How Well Are We Doing? Common Themes and Possible Solutions in Academic Libraries
Northumbria International Conference on Performance Measurement in Libraries and Information Services,
This paper uses results of postal surveys carried out in the United Kingdom further education (FE) and university sectors to highlight themes and elaborate on suggestions for advancing performance measurement. Academic libraries face insecurity arising from the political and educational changes taking place in academic institutions, competition between institutions and services, and the demands for accountability at a variety of levels within institutions. As a result, it is essential that there are mechanisms in place to monitor and evaluate library services and to maintain the high quality demanded by the academic community. When surveyed, librarians' views on performance assessment followed three main themes: the use of qualitative data in addition to quantitative data; user expectations and how to satisfy the information needs of an increasingly diverse academic community; and the climate of review and assessment, where periodical reviews can act as effective motivators in highlighting and encouraging reflection on how effectively the library supports teaching and research. The following practical suggestions for improvements in performance measurement are discussed: (1) greater involvement of a variety of constituents; (2) more systematic and structured approach; (3) greater proactivity; (4) wider application of information technology; (5) greater emphasis on the user perspective; and (6) more time. (Contains 10 references.) (Author/SWC)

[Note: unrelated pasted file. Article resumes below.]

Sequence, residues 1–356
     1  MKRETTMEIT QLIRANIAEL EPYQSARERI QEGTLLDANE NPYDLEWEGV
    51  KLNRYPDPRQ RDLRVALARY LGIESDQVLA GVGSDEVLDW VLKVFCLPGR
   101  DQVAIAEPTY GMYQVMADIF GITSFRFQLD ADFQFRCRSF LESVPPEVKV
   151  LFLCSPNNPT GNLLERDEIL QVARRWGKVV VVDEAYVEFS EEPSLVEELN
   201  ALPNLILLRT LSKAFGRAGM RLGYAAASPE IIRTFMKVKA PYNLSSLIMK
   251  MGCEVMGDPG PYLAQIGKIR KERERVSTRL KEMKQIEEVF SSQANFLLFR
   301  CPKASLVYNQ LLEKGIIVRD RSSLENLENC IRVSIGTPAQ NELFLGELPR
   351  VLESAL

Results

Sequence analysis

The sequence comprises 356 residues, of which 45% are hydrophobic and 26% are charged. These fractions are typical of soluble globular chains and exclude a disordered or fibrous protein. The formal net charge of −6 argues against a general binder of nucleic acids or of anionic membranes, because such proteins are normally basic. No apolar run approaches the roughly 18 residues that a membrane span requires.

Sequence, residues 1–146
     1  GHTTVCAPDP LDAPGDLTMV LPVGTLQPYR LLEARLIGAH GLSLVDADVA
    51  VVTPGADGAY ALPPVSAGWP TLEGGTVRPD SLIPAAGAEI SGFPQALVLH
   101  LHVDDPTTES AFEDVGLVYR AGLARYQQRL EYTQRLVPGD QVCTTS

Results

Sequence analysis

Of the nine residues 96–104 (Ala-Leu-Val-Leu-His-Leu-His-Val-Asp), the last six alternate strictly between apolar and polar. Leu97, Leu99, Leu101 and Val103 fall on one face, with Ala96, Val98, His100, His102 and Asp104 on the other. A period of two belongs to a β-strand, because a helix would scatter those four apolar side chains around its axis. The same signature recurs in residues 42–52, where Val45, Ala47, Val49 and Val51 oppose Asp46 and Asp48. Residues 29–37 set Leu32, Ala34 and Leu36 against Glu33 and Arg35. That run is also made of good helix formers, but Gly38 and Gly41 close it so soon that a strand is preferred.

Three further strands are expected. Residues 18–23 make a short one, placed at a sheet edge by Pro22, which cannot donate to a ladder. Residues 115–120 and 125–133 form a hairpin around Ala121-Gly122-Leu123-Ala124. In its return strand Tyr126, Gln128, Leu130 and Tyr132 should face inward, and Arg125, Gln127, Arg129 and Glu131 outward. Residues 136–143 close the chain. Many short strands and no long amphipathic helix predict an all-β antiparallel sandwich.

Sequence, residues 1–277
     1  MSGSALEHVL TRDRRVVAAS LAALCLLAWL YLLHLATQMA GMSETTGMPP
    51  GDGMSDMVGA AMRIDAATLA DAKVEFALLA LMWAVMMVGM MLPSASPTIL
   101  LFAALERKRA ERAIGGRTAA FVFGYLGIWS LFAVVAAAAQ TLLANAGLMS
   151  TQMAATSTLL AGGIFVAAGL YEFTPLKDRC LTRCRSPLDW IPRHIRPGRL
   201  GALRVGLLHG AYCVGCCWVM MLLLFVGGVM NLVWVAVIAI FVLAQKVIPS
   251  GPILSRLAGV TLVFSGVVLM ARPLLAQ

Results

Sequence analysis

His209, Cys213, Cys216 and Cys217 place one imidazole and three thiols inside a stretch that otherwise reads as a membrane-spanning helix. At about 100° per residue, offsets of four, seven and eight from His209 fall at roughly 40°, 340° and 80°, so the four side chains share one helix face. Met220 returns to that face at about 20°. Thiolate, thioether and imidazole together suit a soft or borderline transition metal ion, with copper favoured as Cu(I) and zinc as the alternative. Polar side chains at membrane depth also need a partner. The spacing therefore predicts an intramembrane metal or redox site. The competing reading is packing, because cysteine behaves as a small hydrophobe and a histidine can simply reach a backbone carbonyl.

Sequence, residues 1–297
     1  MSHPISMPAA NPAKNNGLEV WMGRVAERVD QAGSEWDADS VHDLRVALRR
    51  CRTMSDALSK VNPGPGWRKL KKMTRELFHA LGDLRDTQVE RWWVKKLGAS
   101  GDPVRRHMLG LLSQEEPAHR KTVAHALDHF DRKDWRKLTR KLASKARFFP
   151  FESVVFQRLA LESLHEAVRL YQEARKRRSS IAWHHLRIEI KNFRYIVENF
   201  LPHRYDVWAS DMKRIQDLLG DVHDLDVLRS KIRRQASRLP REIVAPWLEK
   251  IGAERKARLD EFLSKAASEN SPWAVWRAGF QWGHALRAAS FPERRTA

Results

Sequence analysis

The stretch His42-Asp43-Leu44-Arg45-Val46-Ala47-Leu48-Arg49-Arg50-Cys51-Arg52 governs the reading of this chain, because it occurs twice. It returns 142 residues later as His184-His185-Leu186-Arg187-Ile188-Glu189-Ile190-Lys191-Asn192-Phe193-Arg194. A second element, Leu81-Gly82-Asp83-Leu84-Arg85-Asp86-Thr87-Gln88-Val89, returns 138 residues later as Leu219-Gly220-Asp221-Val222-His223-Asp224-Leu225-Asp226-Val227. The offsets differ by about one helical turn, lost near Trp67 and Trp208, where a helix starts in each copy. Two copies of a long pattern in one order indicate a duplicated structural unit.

Morgan, S. (1995). How Well Are We Doing? Common Themes and Possible Solutions in Academic Libraries. Presented at Northumbria International Conference on Performance Measurement in Libraries and Information Services 1995.